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Speed up your system.
Non-Volatile Memory Express (NVMe) SSD drives are much faster than conventional SATA drives or HDDs and serve as the new standard for performance. NVMe drives slot directly into the motherboard like a stick of RAM and cut out unnecessary interfaces. Connecting directly to the motherboard reduces latency and ensures faster, more consistent speeds.
The motherboard is a limiting factor when picking an NVMe. Older motherboards don’t have M.2 slots to support NVMe drives, so an add-on card is needed. Some motherboards have the required slots but don’t support the latest PCIe 4.0 interface, meaning they won’t get the fastest speeds from an NVMe.
Most users value capacity above all else when choosing an NVMe drive. There is a wide selection of available sizes ranging between 250GB and 8TB. The smallest 250GB drives aren’t recommended because their limited space doesn’t allow users to store much data. On the other hand, some larger NVMes cost a fortune, and most users won’t need the massive capacities. When choosing an NVMe, buyers should consider its use and their budgets before making a decision.
These are the best NVMe SSDs of 2021.
Sabrent’s 4TB Rocket 4 Plus NVMe 4.0 offers a balance of speed, capacity, and price. Its 4TB capacity should be enough for massive game libraries and other media like movies, images, and music.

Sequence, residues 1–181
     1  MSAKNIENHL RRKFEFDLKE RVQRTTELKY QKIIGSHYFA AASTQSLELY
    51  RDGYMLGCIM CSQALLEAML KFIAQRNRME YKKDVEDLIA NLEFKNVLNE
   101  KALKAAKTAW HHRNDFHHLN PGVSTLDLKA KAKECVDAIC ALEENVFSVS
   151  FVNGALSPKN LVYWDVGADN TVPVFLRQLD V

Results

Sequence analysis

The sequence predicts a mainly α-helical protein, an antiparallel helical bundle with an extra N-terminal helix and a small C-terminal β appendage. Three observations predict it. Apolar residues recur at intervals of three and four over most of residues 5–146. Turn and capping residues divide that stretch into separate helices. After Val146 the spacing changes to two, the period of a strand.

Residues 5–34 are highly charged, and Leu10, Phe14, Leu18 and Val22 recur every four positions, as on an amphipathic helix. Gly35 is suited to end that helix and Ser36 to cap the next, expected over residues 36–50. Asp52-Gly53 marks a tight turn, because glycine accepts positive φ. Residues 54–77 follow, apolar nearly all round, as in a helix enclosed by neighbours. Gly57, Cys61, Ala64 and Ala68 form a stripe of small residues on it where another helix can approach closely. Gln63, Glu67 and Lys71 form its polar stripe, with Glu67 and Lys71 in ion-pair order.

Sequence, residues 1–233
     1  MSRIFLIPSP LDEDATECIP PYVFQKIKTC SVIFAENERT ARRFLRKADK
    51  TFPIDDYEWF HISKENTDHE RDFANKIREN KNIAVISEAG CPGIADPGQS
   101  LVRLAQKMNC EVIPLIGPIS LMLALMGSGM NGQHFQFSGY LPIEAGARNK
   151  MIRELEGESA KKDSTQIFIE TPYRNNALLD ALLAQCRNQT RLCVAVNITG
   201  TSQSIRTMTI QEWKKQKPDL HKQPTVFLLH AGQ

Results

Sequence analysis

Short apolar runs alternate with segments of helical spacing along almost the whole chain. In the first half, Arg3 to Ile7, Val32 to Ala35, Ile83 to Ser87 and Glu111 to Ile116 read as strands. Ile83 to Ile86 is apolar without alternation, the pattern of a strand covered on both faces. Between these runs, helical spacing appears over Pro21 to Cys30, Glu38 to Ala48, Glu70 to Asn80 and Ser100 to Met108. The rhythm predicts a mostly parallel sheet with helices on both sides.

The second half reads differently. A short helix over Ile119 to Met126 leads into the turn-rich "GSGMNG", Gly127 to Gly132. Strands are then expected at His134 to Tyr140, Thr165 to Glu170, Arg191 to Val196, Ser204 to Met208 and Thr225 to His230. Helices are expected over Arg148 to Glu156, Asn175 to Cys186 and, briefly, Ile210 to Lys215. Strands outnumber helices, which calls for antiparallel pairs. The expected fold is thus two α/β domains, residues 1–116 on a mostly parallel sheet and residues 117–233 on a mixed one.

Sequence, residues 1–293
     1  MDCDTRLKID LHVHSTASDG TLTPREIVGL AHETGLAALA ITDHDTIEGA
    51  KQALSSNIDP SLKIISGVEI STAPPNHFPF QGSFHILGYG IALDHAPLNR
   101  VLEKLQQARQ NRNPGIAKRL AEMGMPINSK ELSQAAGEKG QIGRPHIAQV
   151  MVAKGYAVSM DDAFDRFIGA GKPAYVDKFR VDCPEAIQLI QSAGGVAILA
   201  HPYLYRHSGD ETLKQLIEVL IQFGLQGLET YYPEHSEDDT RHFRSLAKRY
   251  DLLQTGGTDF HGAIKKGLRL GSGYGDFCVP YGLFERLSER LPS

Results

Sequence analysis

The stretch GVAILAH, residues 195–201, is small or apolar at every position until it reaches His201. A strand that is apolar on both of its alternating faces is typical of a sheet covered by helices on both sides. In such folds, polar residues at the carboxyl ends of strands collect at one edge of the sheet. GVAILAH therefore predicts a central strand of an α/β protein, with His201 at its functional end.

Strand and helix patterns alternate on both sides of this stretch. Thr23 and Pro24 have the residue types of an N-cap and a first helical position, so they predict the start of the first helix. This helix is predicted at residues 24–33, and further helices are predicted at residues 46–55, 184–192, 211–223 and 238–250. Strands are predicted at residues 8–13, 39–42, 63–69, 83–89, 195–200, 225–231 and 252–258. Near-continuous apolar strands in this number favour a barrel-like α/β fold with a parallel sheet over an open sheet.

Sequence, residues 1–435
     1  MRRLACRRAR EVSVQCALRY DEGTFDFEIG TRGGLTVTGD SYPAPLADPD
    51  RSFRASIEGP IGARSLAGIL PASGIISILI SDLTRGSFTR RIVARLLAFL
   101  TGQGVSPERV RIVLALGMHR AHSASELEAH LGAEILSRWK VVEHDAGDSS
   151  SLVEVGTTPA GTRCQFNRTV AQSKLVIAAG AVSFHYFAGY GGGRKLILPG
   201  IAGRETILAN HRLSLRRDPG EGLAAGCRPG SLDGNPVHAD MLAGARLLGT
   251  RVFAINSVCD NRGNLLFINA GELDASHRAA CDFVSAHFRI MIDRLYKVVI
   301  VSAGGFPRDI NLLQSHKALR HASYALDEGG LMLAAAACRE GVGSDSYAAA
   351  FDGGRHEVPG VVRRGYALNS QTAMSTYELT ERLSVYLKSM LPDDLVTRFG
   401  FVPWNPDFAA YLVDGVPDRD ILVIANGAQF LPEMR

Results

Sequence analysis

One of the main benefits of this NVMe is its speed. It works on the latest PCIe 4.0 interface and has read speeds of up to 7,100Mbps and write speeds of up to 6,600Mbps. These speeds are only possible with a PCIe 4.0 compatible motherboard, and older PCIe 3.0 motherboards reduce the read speed to 3,400Mbps and the write speed to 3,000Mbps.
Endurance is an important factor when choosing an NVMe. Most NVMe SSDs have an endurance rating called Terabytes Written (TBW), which is the maximum amount of information that can be transferred onto the drive during its lifespan. The 4TB Rocket 4 Plus has a TBW rating of 2,800TB, giving buyers many years of use.
Transferring data to a new drive can be difficult, so Sabrent includes software to make it easier. A program called Acronis True Image ships with the 4TB Rocket 4 Plus, so users can clone their old drive or backup their information easily.
The 4TB Rocket 4 Plus sits at the top of the list for its all-around capabilities. Its capacity is enough for most users, and it also offers the fastest speeds of any NVMe. After factoring in its functionality, the 4TB Rocket 4 Plus offers great value despite its high price.
Western Digital’s Black range consists of its premium products designed for the best performance and reliability. The company’s 2TB SN850 has half the 4TB Rocket 4 Plus’s capacity, but it’s still large enough to store a sizable gaming library and other media.
The 2TB SN850 also uses the PCIe 4.0 interface and isn’t far behind the 4TB Rocket 4 Plus when it comes to speed. Its read speed of 7,100Mbps is the same as the 4TB Rocket 4 Plus, but its write speed of 5,100Mbps is slower. Rated at 1,200TBW, the long-term durability rating of the 2TB SN850 is also lower than the 4TB Rocket 4 Plus, but it’s expected considering the lower capacity.